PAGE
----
Army and Air National Guard members deploying to Washington, D.C. to help guard the capital and stay through the Jan. 20 inauguration will have access to lethal weapons at their commanders’ discretion, Guard commanders said Friday.
“There’s no hiding the fact that soldiers and airmen do have lethal force with them,” Army Brig. Gen. David Wood, joint staff director of the Pennsylvania National Guard, said at a virtual roundtable with defense reporters.
“How those rules of the use of force are engaged is just dependent on the scenario and in that situation. We are going to try to deescalate as much as we can [before taking up weapons],” Wood said. “The way we deploy it will depend on the situation and the commander’s intent.”
The Associated Press reported earlier that Army Secretary Ryan McCarthy will make decisions in the coming days on whether Guard units will be armed on the District’s streets.
Wood joined Army Maj. Gen. Timothy E. Gowen, adjutant general of the Maryland National Guard, and Army Col. Lisa Hou, interim adjutant of the New Jersey National Guard, at a virtual roundtable with defense reporters to describe the issues involved with their emergency deployments to Washington.
All three officers said they already had been planning to send units to the Jan. 20 inauguration of President-Elect Joe Biden, but had had to scramble Wednesday, following the pro-Trump mob assault on the Capitol, to resolve problems with the various jurisdictions and command authorities involved.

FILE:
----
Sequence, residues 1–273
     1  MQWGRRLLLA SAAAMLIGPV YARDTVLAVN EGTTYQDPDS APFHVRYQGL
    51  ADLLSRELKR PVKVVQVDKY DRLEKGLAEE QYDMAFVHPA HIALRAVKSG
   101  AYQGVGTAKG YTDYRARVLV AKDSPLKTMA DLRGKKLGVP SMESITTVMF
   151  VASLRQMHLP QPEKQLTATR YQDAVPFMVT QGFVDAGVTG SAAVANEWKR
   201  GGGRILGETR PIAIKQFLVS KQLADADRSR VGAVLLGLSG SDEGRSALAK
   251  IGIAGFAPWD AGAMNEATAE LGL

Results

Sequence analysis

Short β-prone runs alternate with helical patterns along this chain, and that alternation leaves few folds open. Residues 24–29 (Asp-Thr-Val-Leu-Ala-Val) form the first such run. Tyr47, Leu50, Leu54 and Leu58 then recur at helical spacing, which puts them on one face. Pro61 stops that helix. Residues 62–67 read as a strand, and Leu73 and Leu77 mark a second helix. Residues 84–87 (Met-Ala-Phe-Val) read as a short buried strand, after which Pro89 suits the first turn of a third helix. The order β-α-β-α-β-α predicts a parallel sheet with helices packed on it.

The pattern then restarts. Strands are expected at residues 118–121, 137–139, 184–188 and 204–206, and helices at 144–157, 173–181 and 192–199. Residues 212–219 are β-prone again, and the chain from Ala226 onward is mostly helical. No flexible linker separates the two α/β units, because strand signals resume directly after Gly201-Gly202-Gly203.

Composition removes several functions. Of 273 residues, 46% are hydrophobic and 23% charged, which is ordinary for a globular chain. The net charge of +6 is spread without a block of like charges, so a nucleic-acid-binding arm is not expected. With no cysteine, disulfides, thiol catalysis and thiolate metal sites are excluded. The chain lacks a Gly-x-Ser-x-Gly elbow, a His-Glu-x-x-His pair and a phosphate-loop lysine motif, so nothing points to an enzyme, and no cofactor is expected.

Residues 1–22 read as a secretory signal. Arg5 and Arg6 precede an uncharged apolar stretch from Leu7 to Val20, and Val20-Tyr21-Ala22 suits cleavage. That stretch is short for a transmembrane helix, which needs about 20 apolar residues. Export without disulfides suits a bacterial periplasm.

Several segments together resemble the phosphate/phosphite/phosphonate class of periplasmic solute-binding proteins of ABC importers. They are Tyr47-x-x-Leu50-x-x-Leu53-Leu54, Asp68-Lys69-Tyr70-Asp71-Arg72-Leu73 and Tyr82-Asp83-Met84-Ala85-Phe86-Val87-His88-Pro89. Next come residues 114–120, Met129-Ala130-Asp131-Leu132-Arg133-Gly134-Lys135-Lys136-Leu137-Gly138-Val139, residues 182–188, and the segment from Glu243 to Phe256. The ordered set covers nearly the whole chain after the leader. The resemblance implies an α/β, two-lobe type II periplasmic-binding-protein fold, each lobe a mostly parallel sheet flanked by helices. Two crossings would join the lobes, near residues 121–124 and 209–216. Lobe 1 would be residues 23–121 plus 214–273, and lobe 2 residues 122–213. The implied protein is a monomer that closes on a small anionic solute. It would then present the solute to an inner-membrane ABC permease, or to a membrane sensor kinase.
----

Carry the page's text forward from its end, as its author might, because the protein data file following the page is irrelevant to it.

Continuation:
Because Washington is a federal district and not a state, District Mayor Muriel Bowser does not have authority to call out D.C.’s National Guard on her own as state governors can, but must first request activation from McCarthy.
McCarthy also must coordinate with state governors to bring in National Guard units from outside the District.
As a result, Gowen said, there was initial confusion Wednesday before Maryland Gov. Larry Hogan got clearance. Gowen said he received the order to deploy troops around 5:30 p.m., well after Trump supporters had been cleared from the Capitol building.
Then it was decided with the D.C. National Guard to wait until Thursday morning to bring in the Maryland troops, Gowen said.
“Everyone wants to help right away, but sometimes you can’t,” Gowen said. “We’ve got to accept the notion that the National Guard is not a first-responder force.”
Gowen said Maryland initially planned to send about 500 troops to the District; Wood said Pennsylvania was sending about 1,000; and Lou said New Jersey was sending 500.
— Richard Sisk can be reached at Richard.Sisk@Military.com.
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